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Not alone in being lonely

SPECIAL REPORT: Depression and anxiety are driven by increasing rates of loneliness and it’s not just making us sad, it’s making us sick, writes Ellen Whinnett

- ELLEN WHINNETT

STRUGGLING new mum Olivia McGowan started a support group to help other young mothers deal with feeling isolated and alone.

And they’re not alone. All over Australia, a hidden epidemic of loneliness is driving up rates of depression for hundreds of thousands of people, prompting calls for a government-led solution.

AUSTRALIA is facing a hidden epidemic of loneliness that is driving up rates of depression and anxiety and causing people to die years before they should.

With hundreds of thousands of people feeling desperatel­y alone, researcher­s and mental health profession­als are sharpening their focus on the negative effects of loneliness, which have been magnified by the COVID-19 lockdowns across Australia.

Experts say loneliness can be as bad for your health as smoking, and that people can die from it.

Yet health programs which seek to improve people’s mental and physical health by boosting their social connection­s remain ad hoc.

This is despite an Australian Psychology Society study in 2018 which found one in four Australian­s feel lonely on three or more days every week.

Today, News Corp launches a campaign called

Never Walk Alone to put the spotlight on the issue and provide solutions.

A researcher who specialise­s in social connection, Professor Alex Haslam, said loneliness was increasing­ly being put on the radar of researcher­s and health profession­als.

“You only have to go back two or three years and nobody was talking about this at all,’’ he said.

“The zeitgeist is changing, the public consciousn­ess is changing and I think that’s really important.” A professor of psychology and Australian Laureate Fellow in the School of Psychology at the University of Queensland, Prof Haslam said a lonely person would, generally speaking, “not be in a good space’’.

“Often, those people will feel very marginalis­ed,” he said. “Loneliness will be one aspect of their experience but there’s other things too.

“Disease and illness thrive on loneliness in interestin­g ways.’’

Prof Haslam said he believed people could die as a result of their loneliness.

“I think so. It’s not what it’s going to say on their death certificat­e; it’s going to say other things like their immune system doesn’t work so well.

“If you’re lonely and that’s correlated with being alone, you’re going to lack social support.

“If you’re lonely and on your own, other people aren’t going to help you when you need help.’’

Academic and clinical psychologi­st Michelle Lim said loneliness was not restricted to any single group in society and could be felt by anyone.

Dr Lim, scientific chairwoman of the new peak body Ending Loneliness Together, also said people with lower socio-economic status were disproport­ionately affected.

“We know that loneliness is an increasing­ly common complaint in developed countries like the UK, the USA and Australia,’’ she said.

“It’s not just your older person in a nursing home who experience­s loneliness, it’s the young doctor working in a hospital. There are significan­t complexiti­es.’’

Dr Lim is a senior lecturer in clinical psychology at Swinburne University of Technology in Melbourne and has examined programs which aim to connect with isolated people.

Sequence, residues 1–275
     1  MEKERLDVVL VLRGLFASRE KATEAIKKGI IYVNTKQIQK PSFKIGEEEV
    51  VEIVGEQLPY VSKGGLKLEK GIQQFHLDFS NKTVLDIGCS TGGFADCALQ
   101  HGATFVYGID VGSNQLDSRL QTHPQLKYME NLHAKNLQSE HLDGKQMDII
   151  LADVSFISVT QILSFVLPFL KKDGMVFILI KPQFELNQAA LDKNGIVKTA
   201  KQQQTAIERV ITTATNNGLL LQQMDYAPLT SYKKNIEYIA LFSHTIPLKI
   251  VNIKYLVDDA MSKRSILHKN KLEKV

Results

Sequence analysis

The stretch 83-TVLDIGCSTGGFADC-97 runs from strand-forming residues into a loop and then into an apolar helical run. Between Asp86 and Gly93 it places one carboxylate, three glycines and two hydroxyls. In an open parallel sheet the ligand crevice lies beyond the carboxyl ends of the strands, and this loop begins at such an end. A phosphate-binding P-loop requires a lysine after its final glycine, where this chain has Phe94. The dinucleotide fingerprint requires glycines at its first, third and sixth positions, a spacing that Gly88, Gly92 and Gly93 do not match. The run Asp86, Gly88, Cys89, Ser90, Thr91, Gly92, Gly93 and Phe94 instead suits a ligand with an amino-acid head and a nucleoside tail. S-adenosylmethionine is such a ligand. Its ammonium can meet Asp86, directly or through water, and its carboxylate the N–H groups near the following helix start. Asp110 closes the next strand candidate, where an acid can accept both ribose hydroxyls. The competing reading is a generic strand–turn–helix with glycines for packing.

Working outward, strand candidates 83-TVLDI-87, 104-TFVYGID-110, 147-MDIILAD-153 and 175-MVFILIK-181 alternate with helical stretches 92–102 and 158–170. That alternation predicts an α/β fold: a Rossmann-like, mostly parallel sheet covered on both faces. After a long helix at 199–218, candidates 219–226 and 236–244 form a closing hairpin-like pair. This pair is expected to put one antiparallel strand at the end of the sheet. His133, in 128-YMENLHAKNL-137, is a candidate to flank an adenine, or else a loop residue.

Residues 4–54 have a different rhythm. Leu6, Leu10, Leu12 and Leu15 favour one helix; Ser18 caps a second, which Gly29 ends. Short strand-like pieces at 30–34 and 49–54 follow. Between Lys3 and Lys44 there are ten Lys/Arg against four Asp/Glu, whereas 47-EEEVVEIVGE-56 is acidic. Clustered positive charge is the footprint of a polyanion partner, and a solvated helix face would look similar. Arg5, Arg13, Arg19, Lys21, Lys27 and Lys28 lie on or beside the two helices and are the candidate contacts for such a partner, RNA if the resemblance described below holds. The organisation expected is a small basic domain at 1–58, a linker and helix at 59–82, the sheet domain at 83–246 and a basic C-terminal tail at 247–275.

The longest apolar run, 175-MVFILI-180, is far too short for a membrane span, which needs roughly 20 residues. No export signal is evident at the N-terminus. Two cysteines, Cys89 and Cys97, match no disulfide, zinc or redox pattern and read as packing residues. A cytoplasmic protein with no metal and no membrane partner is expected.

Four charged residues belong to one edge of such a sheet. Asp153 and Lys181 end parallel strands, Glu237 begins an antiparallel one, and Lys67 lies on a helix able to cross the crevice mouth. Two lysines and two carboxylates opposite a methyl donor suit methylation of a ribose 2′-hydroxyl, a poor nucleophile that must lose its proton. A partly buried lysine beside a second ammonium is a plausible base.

A new white paper, Ending Loneliness Together, examines how Australia should respond to loneliness from a policy point of view.

Dr Lim said that sometimes a lonely person saw a different volunteer every time they were paid a visit, making it impossible to build a meaningful connection.

“These sorts of programs, you know what the (key performanc­e) indicator sometimes is? One minute. What can you achieve in one minute?’’ she said.

American academic Julianne Holt-Lundstad’s seminal research paper Social Relationsh­ips and Mortality Risk, published in 2010, first establishe­d that loneliness was as dangerous to a person’s health as smoking 15 cigarettes a day.

“These findings indicate that the influence of social relationsh­ips on the risk of death are comparable with well-establishe­d risk factors for mortality such as smoking and alcohol consumptio­n and exceed the influence of other risk factors such as physical inactivity and obesity,’’ the study found, after it had reviewed 148 global health and wellbeing studies.

 ??  ?? Taylor Horwood and daughter, Maisy, 14 months, Olivia McGowan with two-year-old daughter Evie and Amanda Lee and her eight-month-old baby girl, Ella, support each other as they deal with the isolation and loneliness that can come with new motherhood. Picture: Naomi Jellicoe
Taylor Horwood and daughter, Maisy, 14 months, Olivia McGowan with two-year-old daughter Evie and Amanda Lee and her eight-month-old baby girl, Ella, support each other as they deal with the isolation and loneliness that can come with new motherhood. Picture: Naomi Jellicoe
 ??  ?? Young mothers helping each other ... Taylor Horwood with Maisy, 14 months, Olivia McGowan with Evie, 2, and Amanda Lee with daughter Ella, eight months. Picture: Naomi Jellicoe
Young mothers helping each other ... Taylor Horwood with Maisy, 14 months, Olivia McGowan with Evie, 2, and Amanda Lee with daughter Ella, eight months. Picture: Naomi Jellicoe
 ??  ?? Andrew Giles, Labor MP from Victoria, and Fiona Martin, Liberal MP from NSW, are the co-chairs of the new group Parliament­ary Friends of Ending Loneliness.
Andrew Giles, Labor MP from Victoria, and Fiona Martin, Liberal MP from NSW, are the co-chairs of the new group Parliament­ary Friends of Ending Loneliness.
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